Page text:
Marie B. Tracy

What is this thing we call "Covenant"?

I remember landing at Jalalabad Air Base in Afghanistan very early – maybe 2 a.m. – some December morning in 2011.  The base was very dark to prevent night-time mortar attacks.  As we navigated the small Forward Operating Base to get to our temporary barracks, I remember hearing a very loud, high-pitched hum coming from the flight line.  It sounded unlike anything I’d heard during my previous almost six years in the Air Force Reserve – like a very loud swarm of bees.  When I woke the next morning, I discovered the source of this mechanized buzz.“So this is what a drone looks like,” I thought to myself, reflecting back on the headlines from earlier that year, which warned of the proliferation of drone strikes under President Obama. 

Holding onto the Promise of God

In 1993, the prolific writer Octavia Butler released her seminal novel, The Parable of the Sower.   Butler’s novel is set in 2024, within a landscape of a mostly dystopic American society, in which climate change, wealth inequity, and corporate greed has led to vast resource scarcity.  Her dystopia manifests most vividly within the image of fire – massive, human-caused wildfires that destroy the last remaining gated communities throughout southern California and across the United States.  When the protagonist Lauren Oya Olamina, a young Woman of Color, experiences her own community burned, she heads north in search of a better life and starts building a new community of travelers along the way.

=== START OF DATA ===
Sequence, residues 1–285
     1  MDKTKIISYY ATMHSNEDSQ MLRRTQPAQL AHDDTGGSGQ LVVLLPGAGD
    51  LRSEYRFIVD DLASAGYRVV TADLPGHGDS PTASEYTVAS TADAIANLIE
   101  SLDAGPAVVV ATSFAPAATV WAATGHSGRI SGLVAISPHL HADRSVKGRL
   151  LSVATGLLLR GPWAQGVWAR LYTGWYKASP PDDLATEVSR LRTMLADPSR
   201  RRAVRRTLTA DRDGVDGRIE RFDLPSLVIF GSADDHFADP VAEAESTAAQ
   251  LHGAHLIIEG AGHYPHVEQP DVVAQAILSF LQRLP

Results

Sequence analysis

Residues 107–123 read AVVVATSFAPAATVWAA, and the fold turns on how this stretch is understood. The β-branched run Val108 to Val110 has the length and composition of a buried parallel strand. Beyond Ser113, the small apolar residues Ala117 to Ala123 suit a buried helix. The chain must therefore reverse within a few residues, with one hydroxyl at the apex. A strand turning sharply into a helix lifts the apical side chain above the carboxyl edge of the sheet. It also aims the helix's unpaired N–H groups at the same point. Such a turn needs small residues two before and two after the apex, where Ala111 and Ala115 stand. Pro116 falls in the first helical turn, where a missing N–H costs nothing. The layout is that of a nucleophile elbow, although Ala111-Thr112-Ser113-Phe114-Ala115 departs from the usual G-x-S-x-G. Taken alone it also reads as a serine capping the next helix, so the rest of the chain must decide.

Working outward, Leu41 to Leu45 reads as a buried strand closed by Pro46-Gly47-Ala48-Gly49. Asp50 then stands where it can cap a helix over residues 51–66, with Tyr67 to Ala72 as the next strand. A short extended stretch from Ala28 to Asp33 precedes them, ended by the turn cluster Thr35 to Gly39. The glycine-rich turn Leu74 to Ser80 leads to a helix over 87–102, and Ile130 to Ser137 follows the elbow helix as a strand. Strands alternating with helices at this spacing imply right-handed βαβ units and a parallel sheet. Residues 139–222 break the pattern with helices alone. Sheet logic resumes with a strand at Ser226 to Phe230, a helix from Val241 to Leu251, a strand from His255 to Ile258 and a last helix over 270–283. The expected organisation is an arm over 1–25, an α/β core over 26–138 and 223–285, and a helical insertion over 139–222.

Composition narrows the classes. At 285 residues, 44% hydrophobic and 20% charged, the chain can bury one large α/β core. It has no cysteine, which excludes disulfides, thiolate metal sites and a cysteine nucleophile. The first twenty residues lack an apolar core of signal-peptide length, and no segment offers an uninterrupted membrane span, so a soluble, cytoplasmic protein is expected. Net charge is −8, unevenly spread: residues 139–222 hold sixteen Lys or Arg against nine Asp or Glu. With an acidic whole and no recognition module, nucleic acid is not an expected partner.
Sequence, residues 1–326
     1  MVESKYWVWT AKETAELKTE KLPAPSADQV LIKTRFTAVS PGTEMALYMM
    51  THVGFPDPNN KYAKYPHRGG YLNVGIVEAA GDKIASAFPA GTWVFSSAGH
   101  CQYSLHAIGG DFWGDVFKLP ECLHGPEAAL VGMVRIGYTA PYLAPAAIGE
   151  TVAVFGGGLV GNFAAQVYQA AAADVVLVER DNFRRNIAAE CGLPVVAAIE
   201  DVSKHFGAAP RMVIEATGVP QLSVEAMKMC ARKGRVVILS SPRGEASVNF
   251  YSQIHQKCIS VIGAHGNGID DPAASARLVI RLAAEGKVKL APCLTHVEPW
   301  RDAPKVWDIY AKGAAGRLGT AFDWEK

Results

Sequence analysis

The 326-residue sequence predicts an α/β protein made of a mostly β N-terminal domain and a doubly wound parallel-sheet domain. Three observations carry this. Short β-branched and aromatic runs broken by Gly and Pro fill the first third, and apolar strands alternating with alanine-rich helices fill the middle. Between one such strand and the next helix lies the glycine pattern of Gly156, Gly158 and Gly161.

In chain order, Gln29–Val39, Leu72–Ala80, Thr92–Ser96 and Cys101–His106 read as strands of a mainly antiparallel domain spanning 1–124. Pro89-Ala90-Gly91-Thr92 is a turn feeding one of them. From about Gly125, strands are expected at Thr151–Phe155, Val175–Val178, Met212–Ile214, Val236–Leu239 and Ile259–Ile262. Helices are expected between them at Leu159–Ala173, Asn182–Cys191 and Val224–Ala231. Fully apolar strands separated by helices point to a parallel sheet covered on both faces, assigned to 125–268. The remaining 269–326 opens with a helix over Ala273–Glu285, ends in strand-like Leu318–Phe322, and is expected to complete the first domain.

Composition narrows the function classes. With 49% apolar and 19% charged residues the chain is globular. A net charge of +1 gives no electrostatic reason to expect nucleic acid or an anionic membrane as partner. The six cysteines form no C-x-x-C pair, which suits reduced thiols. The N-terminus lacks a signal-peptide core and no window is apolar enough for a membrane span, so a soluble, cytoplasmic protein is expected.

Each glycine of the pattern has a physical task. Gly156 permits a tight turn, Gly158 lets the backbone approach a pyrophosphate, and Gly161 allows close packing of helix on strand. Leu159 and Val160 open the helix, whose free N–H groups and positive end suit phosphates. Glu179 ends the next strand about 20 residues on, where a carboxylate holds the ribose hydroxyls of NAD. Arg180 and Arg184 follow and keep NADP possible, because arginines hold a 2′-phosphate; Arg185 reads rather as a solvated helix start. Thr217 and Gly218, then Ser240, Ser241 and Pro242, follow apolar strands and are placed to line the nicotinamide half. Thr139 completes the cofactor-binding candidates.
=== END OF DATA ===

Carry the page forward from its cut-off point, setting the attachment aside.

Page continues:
While Butler published The Parable of the Sower almost 25 years ago, her premonition about climate change has struck as true many times in 2017.  Physical wild fires have devastated the lives, homes, and safety of people we all know just over the course of the last few months.  We have heard stories of terrifying acts of bravery and the will of sheer survival –